Tuesday, June 10, 2008

IBM RoadRunner SuperComputer

IBM is always at the cutting-edge of SuperComputer development, and things are no different today with the release of news about their new Roadrunner super-computer that is to be delivered to the US Nuclear Security Administration. This thing has absolutely insane levels of computing power, turning in over a Petaflop of computing ability (that is one quadrillion, or 1000 Trillion, operations per second!) As a comparison, figure that it would take between 50,000 and 100,000 of the fastest modern personal computers to equal that.

I find this type of quote (from Technology News Daily's site) really great for describing how far computing technology has come in such a short amount of time:
In the past 10 years, supercomputer power has increased about 1,000 times. Today, just three of Roadrunner’s 3,456 Tri-blade units have the same power as the 1998 fastest computer. A complex physics calculation that will take Roadrunner one week to complete, would have taken the 1998 machine 20 years to finish – it would be half done today! If it were possible for cars to improve their gas mileage over the past decade at the same rate that supercomputers have improved their cost and efficiency, we'd be getting 200,000 miles to the gallon today.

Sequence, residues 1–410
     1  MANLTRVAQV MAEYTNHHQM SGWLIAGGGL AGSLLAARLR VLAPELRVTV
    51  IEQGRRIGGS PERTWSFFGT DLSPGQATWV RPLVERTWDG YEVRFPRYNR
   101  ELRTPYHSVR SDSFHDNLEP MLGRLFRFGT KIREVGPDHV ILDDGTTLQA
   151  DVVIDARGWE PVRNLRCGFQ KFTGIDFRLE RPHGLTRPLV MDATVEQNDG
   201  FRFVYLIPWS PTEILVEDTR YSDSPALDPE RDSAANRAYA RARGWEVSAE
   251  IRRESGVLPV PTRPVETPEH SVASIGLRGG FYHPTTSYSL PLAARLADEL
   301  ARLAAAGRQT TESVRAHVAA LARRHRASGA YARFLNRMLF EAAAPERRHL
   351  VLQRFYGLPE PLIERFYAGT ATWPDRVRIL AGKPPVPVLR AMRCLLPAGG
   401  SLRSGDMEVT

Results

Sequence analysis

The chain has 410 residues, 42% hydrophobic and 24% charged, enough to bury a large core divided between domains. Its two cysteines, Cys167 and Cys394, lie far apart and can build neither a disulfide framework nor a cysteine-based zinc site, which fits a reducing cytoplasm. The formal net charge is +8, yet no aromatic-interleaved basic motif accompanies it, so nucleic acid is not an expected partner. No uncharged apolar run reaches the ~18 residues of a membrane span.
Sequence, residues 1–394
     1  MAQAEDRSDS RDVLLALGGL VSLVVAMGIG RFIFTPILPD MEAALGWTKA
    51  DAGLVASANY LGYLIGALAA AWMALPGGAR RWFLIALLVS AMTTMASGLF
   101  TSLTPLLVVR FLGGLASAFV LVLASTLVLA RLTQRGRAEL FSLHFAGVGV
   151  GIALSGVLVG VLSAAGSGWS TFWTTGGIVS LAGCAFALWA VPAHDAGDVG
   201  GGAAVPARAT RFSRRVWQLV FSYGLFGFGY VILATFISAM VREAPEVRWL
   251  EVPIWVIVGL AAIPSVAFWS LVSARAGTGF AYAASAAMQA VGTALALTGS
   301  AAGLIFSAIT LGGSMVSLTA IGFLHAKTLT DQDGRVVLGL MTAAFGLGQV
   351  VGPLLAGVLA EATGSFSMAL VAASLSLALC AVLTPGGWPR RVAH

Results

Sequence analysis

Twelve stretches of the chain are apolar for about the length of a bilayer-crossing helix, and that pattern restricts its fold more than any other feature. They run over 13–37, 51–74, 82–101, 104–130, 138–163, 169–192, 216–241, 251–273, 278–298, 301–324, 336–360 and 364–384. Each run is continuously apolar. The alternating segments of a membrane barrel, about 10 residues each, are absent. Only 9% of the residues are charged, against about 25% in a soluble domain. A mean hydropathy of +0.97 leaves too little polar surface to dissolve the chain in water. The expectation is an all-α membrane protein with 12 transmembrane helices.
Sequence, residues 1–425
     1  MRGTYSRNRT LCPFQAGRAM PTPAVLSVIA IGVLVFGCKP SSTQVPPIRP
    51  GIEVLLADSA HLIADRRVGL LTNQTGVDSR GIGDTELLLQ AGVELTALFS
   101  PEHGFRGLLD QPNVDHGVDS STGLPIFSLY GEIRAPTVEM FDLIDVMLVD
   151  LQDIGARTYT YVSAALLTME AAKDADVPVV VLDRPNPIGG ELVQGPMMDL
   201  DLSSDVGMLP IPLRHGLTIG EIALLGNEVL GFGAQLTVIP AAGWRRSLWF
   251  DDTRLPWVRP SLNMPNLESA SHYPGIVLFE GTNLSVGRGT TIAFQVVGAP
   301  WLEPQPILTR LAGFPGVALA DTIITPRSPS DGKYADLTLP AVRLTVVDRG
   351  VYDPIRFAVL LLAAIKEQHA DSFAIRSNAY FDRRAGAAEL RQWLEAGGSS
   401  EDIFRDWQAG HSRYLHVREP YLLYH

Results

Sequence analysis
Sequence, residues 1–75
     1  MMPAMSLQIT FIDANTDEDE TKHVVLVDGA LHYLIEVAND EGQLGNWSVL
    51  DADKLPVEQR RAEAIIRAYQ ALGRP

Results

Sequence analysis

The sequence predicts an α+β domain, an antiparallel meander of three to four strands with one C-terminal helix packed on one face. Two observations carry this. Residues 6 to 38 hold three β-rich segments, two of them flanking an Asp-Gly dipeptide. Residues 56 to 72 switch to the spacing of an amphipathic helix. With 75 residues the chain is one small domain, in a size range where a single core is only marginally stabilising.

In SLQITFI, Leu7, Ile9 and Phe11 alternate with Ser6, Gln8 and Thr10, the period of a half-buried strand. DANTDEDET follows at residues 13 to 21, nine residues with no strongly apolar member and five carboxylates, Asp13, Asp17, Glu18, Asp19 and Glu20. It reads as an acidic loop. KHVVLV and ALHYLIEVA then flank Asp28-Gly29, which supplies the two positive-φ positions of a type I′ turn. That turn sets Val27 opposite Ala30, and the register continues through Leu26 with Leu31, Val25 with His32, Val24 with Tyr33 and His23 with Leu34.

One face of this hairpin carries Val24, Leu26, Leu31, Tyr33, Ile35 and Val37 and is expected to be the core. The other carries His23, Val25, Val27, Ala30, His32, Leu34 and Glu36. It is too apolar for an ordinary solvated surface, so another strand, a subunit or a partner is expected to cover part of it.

Isn't that just unbelievable? We have engineered computers whose processing power has outpaced prior generation's ability to complete a given task. So, it begs the question: why not just wait another 10 years for a faster computer before considering running more simulations or problems to solve? :) Well, the answer is obvious (I think), in that it is the current demand for computing power that drives the need for faster computers as we find more uses for the power. And, were it not for purchases of these computers, the R&D wouldn't be there to keep the pace of computing-power advancement where it is now. So, like all computers, their own success is what makes them obsolete.

Now, when the price of this power comes down from the current $100Million to something like $5,000, I'll just have to buy one for some really serious virtual-reality simulations!

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